'Abolish the Filibuster. Replace the Parliamentarian': Ilhan Omar urges Democrats to go big and pass $15 minimum wage
Imploring Democrats not to retreat in the face of mere advice from an unelected official, Congresswoman Ilhan Omar of Minnesota late Thursday urged her Senate colleagues to use their narrow majority to replace the chamber's parliamentarian and abolish the archaic 60-vote filibuster—two obstacles standing in the way a long-overdue minimum wage increase and other key relief measures.
"Abolish the filibuster. Replace the parliamentarian. What's a Democratic majority if we can't pass our priority bills? This is unacceptable," Omar tweeted after chief Senate parliamentarian Elizabeth MacDonough said a $15 minimum wage provision violates the rules of budget reconciliation, the filibuster-proof process Democrats are using to pass coronavirus relief without Republican support.
While MacDonough's advice was presented as a crushing and even fatal blow to the effort to gradually raise the federal minimum wage to $15 through reconciliation, Omar and other progressive lawmakers stressed that the parliamentarian's opinion is in no way binding and should be overruled by Vice President Kamala Harris, the presiding officer of the Senate.
"Republicans go for their agenda and don't let anyone stand in their way as they fight for corporations over people," Omar said Thursday night, pointing to the GOP's 2001 firing of the Senate parliamentarian for endangering then-President George Bush's tax cuts for the wealthy.
"We have to fight hard for the American people and not hide behind a ruling from an unelected parliamentarian. It's time to lead," the Minnesota Democrat continued. "Progressives are often told to 'fall in line.' It's time to tell moderates to 'fall in line.'"
Abolish the filibuster. Replace the parliamentarian. What’s a Democratic majority if we can’t pass our priority b… https://t.co/5KVuiQWcSk— Ilhan Omar (@Ilhan Omar)1614303407.0
After days of behind-the-scenes arguments and tense anticipation, MacDonough on Thursday sided with the Republican senators who insisted that the budgetary impact of the proposed minimum wage increase would be "merely incidental," violating Senate rules requiring that all reconciliation provisions have a direct impact on federal spending and revenue.
Sen. Bernie Sanders (I-Vt.), chairman of the Senate Budget Committee, was among the chorus of lawmakers voicing their profound disagreement with the parliamentarian's advice, which runs counter to two recent Congressional Budget Office analyses showing the wage hike would have a substantial impact on the federal budget.
But the Biden White House signaled once again Thursday night that Harris would not be willing to disregard the parliamentarian's advice, despite the official's lack of any real authority. In a statement, White House Press Secretary Jen Psaki said that while the president is "disappointed in this outcome," he "respects the parliamentarian's decision and the Senate's process."
On Friday, the House of Representatives—which does not have to contend with the Senate's Byrd Rule—is expected to pass a version of the pending $1.9 trillion coronavirus relief legislation that includes the $15 federal minimum wage provision, which has broad support among the U.S. electorate. For the relief measure to become law, the House and Senate must pass identical legislation.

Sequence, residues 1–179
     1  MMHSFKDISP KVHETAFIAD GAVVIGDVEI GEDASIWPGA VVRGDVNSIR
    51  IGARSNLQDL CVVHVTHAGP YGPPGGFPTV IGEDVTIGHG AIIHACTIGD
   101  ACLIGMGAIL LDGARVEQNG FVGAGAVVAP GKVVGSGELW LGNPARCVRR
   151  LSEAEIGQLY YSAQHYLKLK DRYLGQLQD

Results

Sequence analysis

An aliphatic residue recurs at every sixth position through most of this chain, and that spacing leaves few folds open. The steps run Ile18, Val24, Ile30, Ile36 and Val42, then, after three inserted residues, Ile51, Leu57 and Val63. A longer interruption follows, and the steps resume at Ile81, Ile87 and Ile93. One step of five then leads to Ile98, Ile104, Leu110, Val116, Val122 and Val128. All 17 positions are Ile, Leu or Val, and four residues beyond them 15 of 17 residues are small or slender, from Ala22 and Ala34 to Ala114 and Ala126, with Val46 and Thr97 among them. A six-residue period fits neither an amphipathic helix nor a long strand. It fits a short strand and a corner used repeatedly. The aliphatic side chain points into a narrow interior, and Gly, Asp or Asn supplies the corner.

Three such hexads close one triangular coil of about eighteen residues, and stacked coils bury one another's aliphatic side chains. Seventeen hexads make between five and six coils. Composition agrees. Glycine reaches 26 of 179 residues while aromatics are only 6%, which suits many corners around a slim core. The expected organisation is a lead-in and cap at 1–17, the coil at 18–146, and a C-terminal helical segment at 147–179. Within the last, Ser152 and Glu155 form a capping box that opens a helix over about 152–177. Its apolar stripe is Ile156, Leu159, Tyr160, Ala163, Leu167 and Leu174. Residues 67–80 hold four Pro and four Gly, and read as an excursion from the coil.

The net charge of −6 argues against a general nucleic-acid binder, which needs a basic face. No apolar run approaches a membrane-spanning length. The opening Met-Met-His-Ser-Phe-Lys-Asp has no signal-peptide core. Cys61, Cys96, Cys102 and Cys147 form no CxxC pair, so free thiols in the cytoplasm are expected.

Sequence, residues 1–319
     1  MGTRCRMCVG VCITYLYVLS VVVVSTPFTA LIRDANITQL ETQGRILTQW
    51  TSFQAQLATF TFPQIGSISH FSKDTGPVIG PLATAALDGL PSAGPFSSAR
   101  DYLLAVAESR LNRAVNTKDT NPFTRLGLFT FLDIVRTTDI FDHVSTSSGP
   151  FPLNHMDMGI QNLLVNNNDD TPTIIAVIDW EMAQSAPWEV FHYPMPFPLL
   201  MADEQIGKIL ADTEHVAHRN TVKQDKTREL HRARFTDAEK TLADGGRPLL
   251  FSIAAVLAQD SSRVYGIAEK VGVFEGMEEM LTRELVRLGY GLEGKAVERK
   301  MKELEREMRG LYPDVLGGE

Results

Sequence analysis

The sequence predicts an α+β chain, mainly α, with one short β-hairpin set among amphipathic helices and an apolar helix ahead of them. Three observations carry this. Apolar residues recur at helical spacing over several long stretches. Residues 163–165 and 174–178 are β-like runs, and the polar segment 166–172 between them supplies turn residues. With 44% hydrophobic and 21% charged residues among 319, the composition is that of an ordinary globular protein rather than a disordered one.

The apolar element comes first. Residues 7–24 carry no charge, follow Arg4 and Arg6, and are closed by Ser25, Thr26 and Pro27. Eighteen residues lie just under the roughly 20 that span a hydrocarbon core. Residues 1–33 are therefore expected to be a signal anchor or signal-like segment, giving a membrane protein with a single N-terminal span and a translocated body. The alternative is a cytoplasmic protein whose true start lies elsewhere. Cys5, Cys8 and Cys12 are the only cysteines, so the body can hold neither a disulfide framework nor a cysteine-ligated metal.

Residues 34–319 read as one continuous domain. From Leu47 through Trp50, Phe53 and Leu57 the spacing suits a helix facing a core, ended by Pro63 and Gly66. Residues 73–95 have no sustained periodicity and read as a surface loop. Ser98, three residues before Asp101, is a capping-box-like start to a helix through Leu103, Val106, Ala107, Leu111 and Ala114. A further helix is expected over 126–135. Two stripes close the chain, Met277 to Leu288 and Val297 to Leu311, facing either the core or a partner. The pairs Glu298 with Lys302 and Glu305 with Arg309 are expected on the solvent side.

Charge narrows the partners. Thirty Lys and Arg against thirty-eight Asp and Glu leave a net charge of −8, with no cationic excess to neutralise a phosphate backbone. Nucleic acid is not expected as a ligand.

"House Democrats believe that the minimum wage hike is necessary," House Speaker Nancy Pelosi (D-Calif.) said in a statement late Thursday. "Therefore, this provision will remain in the American Rescue Plan on the floor tomorrow. Democrats in the House are determined to pursue every possible path in the Fight for 15."
Rep. Pramila Jayapal (D-Wash.), chair of the Congressional Progressive Caucus—which was instrumental in securing the wage hike in the House relief package—said the White House and Senate cannot allow the parliamentarian's advice to prevent inclusion of the wage increase in the final aid legislation.
"The White House and Senate leadership can and should still include the minimum wage increase in the bill," Jayapal said. "The ruling only makes it more clear than ever that the Senate must reform its archaic rules, including reforming the filibuster to allow populist and necessary policies like the $15 minimum wage to pass with a majority of the Senate."
Senate Democrats' refusal to abolish or significantly alter the 60-vote legislative filibuster is what forced the party to use the severely limited reconciliation process—which frequently results in poorly designed and badly inadequate bills—to move coronavirus relief amid obstruction from the Republican minority. The filibuster can be eliminated with a simple-majority vote, but Sens. Joe Manchin (D-W.Va.) and Kyrsten Sinema (D-Ariz.) are opposed to the move.
Rahna Epting, executive director of MoveOn, said Thursday that "an unelected parliamentarian shouldn't be able to decide if 32 million Americans get a long-overdue pay raise or not."
"Nor should Mitch McConnell and Senate Republicans, who have stood in the way of this needed raise for years. We need a $15 minimum wage in this country and we need it now," Epting added. "It is long past time that Senate Democrats eliminate the filibuster and do what they were elected to—deliver bold solutions to address this nation's problems. The American public can not afford more obstruction or half measures."
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